The narrator of today's selection, The Empress of Weehawken by Irene Dische (Farrar, Straus and Giroux, 307 pages, $24), is one of those great characters you can instantly envision in the movie version — or in this case, maybe a sitcom...
Here is Elisabeth Rother, an anti-Semitic German married to a Jewish surgeon, remembering her daughter Renate's childhood piano playing:
"Of course I was enchanted by her. But I did not ever let her see that. It is bad for children to be admired. It makes them think too highly of themselves, and that undermines their character."
And later, after the family has fled Nazi Germany and relocated to New Jersey. Renate is in college:
"She was stubborn. She was ungrateful. She was selfish. She didn't come to see us often. A son would have treated me better, would have been more attached to me."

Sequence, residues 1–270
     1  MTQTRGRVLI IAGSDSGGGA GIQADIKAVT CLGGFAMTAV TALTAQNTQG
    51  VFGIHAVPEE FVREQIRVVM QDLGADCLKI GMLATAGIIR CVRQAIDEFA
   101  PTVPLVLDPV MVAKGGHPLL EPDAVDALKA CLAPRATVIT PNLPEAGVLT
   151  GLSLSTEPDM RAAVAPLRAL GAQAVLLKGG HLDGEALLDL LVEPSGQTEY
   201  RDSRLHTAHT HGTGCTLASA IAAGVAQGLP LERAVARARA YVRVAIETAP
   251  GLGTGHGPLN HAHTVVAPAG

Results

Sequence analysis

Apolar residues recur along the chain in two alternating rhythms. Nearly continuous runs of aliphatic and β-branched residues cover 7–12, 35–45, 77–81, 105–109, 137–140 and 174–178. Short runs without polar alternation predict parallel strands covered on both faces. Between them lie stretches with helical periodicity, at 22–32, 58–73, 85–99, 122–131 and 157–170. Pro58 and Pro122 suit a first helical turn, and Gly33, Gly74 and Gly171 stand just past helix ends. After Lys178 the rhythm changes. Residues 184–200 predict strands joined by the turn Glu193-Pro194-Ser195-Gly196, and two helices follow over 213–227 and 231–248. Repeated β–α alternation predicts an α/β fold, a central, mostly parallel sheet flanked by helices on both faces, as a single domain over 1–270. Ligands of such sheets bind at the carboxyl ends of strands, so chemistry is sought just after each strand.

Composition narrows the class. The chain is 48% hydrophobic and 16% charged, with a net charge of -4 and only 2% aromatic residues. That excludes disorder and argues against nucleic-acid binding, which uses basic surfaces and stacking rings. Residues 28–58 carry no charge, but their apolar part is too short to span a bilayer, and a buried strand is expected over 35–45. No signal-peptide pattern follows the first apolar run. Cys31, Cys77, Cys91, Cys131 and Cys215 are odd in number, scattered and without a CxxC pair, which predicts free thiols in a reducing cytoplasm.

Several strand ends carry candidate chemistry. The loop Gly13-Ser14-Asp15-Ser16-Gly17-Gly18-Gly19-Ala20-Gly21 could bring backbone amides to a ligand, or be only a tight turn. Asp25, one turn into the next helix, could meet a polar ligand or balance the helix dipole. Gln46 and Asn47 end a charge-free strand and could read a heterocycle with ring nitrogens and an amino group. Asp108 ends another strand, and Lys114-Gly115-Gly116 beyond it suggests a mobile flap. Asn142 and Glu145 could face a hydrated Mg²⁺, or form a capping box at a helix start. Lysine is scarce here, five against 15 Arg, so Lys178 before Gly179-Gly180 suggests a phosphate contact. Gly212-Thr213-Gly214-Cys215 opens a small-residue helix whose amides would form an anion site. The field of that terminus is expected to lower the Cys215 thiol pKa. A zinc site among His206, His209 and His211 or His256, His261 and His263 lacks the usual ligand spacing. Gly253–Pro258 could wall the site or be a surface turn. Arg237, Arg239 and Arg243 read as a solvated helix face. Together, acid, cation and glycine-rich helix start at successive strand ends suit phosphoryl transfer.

But for all Elisabeth's complaints, she loves her daughter, her husband, her grandchildren — her life. She's a combination of Archie Bunker, Sophia on "The Golden Girls" and Albert Brooks' mother in the movie "Mother" — practical people who say what's on their minds and worry about the consequences later, if at all.
I found it ironic that Elisabeth is so proud of her Aryan heritage and her aristocratic upbringing because in the end she really comes off as a stereotypical Jewish mother!
Note: The book is listed as fiction but Dische does not bother to change any of the names — including her own. She is Renate's rebel daughter, Irene.